As president-elect, Biden may not be showing much love for tech, but the tech-obsessed like to speculate about what’s on his mind for the sector by parsing the occasional quote on hot-button issues: antitrust (the non-committal: “Something we should take a really hard look at”); legal immunity for platforms from content posted on them (the impractical: “Should be revoked, immediately”); Big Tech bigwigs (the ho-hum: “Not everyone in the tech industry is a bad guy,” or the overly specific: “Little creeps”).

Such speculation chases the wrong question, though. Technology is a means—albeit a very potent one—to ends. Policy priorities should follow that logic. The goal ought to be getting Biden to fall in love with technology by focusing on the “ends,” in particular: the answers to two questions. First, how does technology contribute to the challenges in the Biden-Harris priority areas? Second, how can technology policy solve problems and, therefore, what tech-related actions should the administration consider in its first 100 days?


Biden-Harris are taking over at a tumultuous time. The transition team has narrowed its focus to a shortlist: COVID, the economy, race, and climate. Although it appears that technology policy didn’t make the cut, it is central to each.

Besides being a public health, humanitarian, and economic crisis, COVID-19 is an unparalleled information crisis. Given all the unknowns—with fresh uncertainties accompanying the vaccine—the pandemic is a perfect incubator for an infodemic: a flood of information and misinformation on the pandemic.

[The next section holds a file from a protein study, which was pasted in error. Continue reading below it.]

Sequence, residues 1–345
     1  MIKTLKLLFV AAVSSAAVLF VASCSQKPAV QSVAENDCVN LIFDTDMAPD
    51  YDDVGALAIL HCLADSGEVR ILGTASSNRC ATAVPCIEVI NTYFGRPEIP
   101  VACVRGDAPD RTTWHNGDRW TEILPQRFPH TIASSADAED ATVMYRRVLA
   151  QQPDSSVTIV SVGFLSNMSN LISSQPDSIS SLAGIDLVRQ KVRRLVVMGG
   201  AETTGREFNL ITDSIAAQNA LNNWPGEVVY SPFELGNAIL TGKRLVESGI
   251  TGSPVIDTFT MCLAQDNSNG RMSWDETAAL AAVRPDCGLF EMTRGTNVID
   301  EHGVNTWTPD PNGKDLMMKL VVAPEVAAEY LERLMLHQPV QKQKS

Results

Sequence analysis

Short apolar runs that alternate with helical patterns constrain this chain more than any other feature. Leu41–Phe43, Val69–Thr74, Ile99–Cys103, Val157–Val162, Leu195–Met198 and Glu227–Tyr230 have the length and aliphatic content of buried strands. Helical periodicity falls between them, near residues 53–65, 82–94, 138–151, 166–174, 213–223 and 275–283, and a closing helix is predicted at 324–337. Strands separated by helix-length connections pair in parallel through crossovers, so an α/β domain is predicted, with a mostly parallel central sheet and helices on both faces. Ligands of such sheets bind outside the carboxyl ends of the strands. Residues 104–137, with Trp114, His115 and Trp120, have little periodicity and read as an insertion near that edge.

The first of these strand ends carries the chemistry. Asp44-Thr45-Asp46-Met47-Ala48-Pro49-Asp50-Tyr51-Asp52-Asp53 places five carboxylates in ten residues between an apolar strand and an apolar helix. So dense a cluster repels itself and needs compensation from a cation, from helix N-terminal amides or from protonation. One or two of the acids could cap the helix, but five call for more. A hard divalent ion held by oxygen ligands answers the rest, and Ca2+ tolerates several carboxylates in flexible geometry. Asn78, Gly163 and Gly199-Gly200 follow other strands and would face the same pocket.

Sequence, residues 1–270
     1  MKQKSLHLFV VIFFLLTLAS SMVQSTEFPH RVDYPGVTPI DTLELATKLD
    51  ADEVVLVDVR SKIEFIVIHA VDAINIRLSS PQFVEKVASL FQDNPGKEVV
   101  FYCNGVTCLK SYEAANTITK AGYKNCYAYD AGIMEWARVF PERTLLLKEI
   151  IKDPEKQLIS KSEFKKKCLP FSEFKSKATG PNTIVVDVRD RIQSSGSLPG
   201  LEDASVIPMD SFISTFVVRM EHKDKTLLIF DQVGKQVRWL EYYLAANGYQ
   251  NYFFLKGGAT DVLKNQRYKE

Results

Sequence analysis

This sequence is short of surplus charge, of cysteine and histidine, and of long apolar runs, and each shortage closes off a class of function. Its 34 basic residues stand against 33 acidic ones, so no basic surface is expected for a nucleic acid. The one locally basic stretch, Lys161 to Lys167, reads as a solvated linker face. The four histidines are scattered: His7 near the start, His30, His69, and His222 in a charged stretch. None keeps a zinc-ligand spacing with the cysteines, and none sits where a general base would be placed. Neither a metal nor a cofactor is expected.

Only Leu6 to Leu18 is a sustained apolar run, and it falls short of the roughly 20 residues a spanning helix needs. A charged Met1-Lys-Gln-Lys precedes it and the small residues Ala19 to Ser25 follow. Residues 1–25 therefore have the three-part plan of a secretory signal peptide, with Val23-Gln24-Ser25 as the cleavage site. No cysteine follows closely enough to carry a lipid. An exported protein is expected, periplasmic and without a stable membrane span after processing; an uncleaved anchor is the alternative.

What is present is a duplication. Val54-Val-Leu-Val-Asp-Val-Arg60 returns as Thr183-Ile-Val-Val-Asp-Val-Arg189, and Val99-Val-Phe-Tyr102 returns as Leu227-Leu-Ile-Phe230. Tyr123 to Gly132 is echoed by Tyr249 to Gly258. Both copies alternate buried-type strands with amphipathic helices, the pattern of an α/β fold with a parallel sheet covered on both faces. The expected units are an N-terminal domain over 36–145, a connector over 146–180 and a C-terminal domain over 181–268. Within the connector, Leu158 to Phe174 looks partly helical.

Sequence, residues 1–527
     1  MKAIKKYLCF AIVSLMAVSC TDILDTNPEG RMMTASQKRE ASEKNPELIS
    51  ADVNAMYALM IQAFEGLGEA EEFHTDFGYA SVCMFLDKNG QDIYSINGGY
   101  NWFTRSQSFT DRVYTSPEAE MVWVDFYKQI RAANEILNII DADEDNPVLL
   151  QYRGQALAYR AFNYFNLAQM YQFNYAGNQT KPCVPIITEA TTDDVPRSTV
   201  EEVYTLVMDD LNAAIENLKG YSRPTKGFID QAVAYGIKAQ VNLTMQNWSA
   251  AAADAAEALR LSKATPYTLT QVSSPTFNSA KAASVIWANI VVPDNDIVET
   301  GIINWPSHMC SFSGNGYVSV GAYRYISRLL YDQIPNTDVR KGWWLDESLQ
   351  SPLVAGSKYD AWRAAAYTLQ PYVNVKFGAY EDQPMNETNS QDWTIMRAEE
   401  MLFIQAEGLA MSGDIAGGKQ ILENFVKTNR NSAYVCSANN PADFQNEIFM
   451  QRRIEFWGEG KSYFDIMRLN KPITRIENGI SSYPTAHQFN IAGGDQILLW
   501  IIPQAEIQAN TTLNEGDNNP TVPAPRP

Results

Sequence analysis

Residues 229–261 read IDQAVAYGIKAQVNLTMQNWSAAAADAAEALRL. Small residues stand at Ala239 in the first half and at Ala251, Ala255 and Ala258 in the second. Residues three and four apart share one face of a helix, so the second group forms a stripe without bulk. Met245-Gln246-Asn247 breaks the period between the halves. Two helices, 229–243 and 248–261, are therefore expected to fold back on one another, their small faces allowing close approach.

Existing information ecosystems were lifesavers in facilitating social distancing. But the pandemic revealed many gaps. For one, pandemic resilience varies widely across the United States. Not only is each state managing its own response in its own way, the states vary in their digital readiness, a measure my research team at The Fletcher School at Tufts created to evaluate each state’s potential to maintain work and life continuity through the pandemic using technology. We found a strong correlation between digital readiness and the effectiveness of the state’s COVID response.

Disparities in internet access, combined with uneven policies, hamper post-pandemic healthcare.

Our research also reveals that disparities in internet access, combined with uneven policies, hamper post-pandemic healthcare. States such as New Mexico, Montana, and Iowa expanded their telehealth policies, essential during social distancing, but they have poor internet access, which limits the effectiveness of such services. Other states, such as North Carolina, Georgia, and Florida have better internet access, but had no telehealth policy expansions. Still others, such as West Virginia, Arkansas, Indiana were weak on both fronts.